Ireland entitled to feel at home with sparing use of residency rule
Less than 8 per cent of caps awarded since start of Schmidt era came via contentious route
Bundee Aki: has given outstanding servant to both Connacht and Ireland. Photograph: Billy Stickland/Inpho
At some point this afternoon, Jamison Gibson-Park will most likely make his Irish debut. Next month, his fellow New Zealand-born Leinster team-mate James Lowe will follow suit, no doubt reigniting that hoary old chestnut regarding the residency ruling.
Recall, after all, the furore which greeted Jean Kleyn being fast-tracked into Ireland’s World Cup squad last year. Yet it’s worth keeping some perspective here. For starters, Kleyn was the only player who qualified by this means to win his first cap for Ireland in the 2019/20 season.
Presuming Gibson-Park becomes the first under Andy Farrell as one of four debutants today, the scrumhalf will be only the tenth player to represent Ireland through residency, out of the 109 players used in total, since the start of the Joe Schmidt era in 2013.
Put another way, of the 1, 737 caps awarded so far since Schmidt’s first game up until today, only 134 have been earned by players who’ve qualified through the residency ruling, which is less than 8 per cent.
As can be seen from the list attached, some of these players have undoubtedly been the stand-out players in their position. In fact Aki, Stander and Jared Payne account for the bulk (63 per cent) of the caps earned by residency players over this period.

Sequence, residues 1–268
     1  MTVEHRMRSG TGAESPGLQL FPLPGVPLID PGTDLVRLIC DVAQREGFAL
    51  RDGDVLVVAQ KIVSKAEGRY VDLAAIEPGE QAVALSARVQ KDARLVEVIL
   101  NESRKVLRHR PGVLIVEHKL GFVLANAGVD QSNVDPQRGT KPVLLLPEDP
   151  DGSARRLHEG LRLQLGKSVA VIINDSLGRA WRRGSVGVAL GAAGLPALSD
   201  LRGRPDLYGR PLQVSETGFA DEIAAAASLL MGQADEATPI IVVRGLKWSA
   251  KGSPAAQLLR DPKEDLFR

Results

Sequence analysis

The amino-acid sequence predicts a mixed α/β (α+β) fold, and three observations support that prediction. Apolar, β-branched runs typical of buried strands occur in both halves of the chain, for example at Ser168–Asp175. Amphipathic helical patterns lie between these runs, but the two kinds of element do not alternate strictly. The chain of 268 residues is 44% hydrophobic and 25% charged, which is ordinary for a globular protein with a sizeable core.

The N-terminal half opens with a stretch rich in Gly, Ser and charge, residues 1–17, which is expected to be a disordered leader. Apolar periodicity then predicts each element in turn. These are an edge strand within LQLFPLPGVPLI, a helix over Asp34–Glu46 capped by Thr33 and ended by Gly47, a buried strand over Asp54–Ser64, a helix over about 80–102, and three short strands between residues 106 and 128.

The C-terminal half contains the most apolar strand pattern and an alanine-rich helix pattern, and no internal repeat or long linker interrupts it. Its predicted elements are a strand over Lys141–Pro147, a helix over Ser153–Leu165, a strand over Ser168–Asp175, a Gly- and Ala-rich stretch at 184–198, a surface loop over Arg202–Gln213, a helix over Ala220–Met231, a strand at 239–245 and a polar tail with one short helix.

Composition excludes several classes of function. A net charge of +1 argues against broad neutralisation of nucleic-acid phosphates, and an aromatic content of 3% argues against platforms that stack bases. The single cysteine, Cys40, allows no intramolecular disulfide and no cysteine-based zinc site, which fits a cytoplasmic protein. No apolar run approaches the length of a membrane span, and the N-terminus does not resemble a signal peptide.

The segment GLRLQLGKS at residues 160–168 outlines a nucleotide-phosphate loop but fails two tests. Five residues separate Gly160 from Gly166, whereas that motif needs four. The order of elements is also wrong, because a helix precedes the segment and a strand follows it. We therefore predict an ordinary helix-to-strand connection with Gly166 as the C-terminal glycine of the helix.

Such has been the widespread criticism of the rule that World Rugby changed its Regulation 8 to extend the qualification period from three to five years. This was to come into effect on January 1st, 2021, but due to the coronavirus pandemic, the game’s governing body have put this back by a year.
This will immediately benefit Edinburgh’s South African-born prop Pierre Schoeman, who will be able to represent Scotland next year rather than in 2023.
But some countries are liable to benefit more than others, such as France and Japan, given the greater preponderance of foreign players in their professional leagues. Furthermore, the five-year qualification period will not deter some of the wealthier Tier One countries from simply recruiting players from elsewhere, especially the Pacific Island countries, from a younger age.
The players themselves are not to blame for these rules. It’s also quite a commitment to up sticks and make a new life abroad. Three years is still a sizeable chunk of a professional player’s career as, most certainly, is a five-year qualification period.
Very often, their value goes well beyond the number of caps they win too.
Stander is now in his eighth season with Munster and Aki, an inspirational figure for aspiring young players in Connacht, is in his seventh with the province.
The IRFU have undoubtedly targeted “special projects” such as Stander, Aki, Lowe and others, and Farrell would be silly not to select them. Besides, as the Cranberries put it: Everyone else is doing it so why can’t we?
Of the Scottish 23 who faced Ireland at the Aviva Stadium last February, ten were born outside the country, including three through residency, along with five who had a Scottish grandparent. Furthermore, five of the ten are playing in the Premiership.